Which States' Drivers Licenses Can You Not Fly With In 2018?

If you're the kind of person who likes to travel, here's something you should be aware of: the Department of Homeland Security is mandating new rules for TSA airport security, and some state-issued IDs will eventually be invalid for checkpoint purposes. It won't happen right away ― you've got until 2018, a good couple years' advance warning ― but it's worth knowing now which states' drivers licenses you can't fly with in 2018. After all, you don't want the big day to sneak up on you when you're about to hop a jet someplace nice. Better to be prepared!

Here's the gist: the Department of Homeland Security is going to start enforcing a law on Jan. 22, 2018 requiring that state-issued IDs meet minimum federal standards to be accepted by the TSA. But there are five U.S. states whose driver licenses won't meet that requirement: New Mexico, Washington, Illinois, Missouri, and Minnesota.

It's not just those five states, either. Licenses from American Samoa, an unincorporated U.S. territory in the South Pacific, also currently fail to meet the federal standards. The adoption of these standards was passed into law by the Real ID Act of 2005, but their implementation has been delayed repeatedly. As The Hill detailed on Friday, DHS chief Jeh Johnson released a statement setting the new deadline.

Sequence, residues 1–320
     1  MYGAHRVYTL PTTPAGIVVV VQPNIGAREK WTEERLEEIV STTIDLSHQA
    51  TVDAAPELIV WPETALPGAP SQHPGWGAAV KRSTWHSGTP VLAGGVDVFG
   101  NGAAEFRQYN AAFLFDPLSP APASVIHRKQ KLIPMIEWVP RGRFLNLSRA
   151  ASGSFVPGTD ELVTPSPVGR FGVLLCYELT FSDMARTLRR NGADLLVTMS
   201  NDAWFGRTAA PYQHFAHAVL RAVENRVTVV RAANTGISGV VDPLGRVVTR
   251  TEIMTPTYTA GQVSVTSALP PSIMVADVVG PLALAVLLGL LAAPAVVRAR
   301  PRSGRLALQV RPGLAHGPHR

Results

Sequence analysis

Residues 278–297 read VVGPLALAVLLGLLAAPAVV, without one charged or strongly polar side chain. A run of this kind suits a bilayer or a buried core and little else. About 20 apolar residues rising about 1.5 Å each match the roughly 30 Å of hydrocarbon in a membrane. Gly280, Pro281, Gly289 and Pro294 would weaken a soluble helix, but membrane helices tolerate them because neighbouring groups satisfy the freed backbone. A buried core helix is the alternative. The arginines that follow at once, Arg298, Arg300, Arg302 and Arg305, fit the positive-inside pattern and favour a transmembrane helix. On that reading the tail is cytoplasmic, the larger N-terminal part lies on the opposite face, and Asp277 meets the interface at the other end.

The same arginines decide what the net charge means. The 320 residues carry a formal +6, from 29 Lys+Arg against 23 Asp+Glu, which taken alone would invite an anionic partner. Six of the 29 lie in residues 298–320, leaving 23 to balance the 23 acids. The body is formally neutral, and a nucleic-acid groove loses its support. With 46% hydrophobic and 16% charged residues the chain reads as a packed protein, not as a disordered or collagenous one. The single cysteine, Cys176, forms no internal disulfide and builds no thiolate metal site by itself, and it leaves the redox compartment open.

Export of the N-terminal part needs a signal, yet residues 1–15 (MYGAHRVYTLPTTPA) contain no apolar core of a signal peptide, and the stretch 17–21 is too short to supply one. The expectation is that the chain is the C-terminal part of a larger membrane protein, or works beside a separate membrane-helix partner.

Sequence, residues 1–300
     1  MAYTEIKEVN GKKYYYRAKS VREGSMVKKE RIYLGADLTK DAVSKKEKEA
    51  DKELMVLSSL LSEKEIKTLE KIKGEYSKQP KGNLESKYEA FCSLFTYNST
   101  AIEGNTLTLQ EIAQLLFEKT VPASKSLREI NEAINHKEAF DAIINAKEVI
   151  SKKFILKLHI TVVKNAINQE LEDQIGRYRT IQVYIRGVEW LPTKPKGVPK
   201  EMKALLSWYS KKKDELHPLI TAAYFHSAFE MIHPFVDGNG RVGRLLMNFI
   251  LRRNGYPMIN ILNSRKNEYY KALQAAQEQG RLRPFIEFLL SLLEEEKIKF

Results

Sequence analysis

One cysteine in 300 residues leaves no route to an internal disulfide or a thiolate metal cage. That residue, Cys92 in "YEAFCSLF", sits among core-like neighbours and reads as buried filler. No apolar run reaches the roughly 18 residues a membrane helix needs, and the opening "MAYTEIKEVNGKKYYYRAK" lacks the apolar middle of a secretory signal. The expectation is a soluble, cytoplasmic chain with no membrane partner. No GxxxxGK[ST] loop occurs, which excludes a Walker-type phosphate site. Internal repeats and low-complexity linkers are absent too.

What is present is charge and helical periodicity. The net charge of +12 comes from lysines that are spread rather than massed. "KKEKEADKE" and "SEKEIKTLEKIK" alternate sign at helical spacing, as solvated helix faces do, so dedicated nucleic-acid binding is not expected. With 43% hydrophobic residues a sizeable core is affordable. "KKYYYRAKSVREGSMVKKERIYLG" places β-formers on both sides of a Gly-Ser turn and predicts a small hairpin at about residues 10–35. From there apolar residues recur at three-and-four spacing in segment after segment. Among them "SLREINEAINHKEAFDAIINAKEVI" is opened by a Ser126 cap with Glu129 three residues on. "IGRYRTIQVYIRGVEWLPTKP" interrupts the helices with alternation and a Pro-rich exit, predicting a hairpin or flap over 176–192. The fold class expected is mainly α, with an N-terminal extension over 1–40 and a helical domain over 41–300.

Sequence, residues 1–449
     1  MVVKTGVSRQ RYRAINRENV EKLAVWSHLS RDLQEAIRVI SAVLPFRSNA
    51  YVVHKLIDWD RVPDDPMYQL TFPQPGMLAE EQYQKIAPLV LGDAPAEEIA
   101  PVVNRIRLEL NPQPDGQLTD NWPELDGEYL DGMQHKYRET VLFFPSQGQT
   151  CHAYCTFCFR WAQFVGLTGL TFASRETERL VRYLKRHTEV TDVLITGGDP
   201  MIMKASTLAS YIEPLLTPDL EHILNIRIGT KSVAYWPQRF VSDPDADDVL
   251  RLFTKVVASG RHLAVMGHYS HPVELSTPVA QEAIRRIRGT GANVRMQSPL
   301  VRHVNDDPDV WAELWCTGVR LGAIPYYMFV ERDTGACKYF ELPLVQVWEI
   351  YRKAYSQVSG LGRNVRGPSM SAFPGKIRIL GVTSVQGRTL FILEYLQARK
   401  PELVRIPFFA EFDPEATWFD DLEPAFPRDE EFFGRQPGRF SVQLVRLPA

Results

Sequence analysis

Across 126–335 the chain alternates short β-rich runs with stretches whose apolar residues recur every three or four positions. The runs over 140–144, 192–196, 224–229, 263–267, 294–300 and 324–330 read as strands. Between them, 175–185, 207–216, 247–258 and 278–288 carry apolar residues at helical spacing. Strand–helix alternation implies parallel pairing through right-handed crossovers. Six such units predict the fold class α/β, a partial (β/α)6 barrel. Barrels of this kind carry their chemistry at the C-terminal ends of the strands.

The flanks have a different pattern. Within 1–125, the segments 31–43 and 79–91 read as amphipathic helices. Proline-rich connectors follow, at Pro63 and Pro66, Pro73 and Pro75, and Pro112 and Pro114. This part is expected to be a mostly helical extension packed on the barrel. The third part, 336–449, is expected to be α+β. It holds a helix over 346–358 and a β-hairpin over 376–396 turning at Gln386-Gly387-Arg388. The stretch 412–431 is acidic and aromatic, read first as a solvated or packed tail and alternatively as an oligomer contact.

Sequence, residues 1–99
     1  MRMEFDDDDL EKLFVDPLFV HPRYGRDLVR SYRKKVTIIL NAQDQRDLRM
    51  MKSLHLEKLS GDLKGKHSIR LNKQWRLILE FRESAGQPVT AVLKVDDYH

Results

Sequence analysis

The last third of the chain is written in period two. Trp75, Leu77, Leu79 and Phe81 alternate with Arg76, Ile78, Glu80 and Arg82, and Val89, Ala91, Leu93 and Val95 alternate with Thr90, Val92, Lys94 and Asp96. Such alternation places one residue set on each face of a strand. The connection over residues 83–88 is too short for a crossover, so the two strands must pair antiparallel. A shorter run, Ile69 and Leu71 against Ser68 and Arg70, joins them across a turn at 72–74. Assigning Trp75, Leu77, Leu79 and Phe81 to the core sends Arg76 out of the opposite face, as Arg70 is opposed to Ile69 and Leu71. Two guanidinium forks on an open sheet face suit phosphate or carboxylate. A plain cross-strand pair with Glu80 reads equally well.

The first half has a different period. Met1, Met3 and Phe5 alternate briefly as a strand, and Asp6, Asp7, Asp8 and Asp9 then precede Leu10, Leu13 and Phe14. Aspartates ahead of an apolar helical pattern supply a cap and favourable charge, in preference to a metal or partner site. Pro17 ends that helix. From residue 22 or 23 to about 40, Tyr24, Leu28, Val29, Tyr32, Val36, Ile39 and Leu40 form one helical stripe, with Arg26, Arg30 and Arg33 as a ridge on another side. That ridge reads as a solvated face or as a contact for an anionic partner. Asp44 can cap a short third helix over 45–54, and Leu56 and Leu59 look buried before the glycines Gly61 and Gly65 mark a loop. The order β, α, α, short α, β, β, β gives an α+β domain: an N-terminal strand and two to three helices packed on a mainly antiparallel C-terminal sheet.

Bottom line up front: Effective January 22, 2018, air travelers with a driver’s license or identification card issued by a state that does not meet the requirements of the REAL ID Act (unless that state has been granted an extension to comply with the Act) must present an alternative form of identification acceptable to the Transportation Security Administration (TSA) in order to board a commercial domestic flight.
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There's a chance that you won't have to worry about this by the time it would actually matter, since the states have enough time to make the changes necessary. But there are political considerations as well ― in 2009, Minnesota passed a law specifically preventing itself from complying with the Real ID Act. The main sponsor of the Minnesota bill, state senator Warren Limmer, characterized the new rules as a federal "heavy club" to NPR's Brian Naylor on Friday.

Now we're more concerned about the efficiency of getting on an airliner rather than protecting the data privacy rights of our citizens. And I'm somewhat taken aback because, quite honestly, I think the federal government is using a heavy club to bring the states into submission.

In other words, this is a potentially fraught and intractable issue, drenched in the usual tensions between state and federal governments, and between privacy concerns and security mandates. So, bear it in mind: if you hail from any of these places, you may want to get your passports ready, just in case.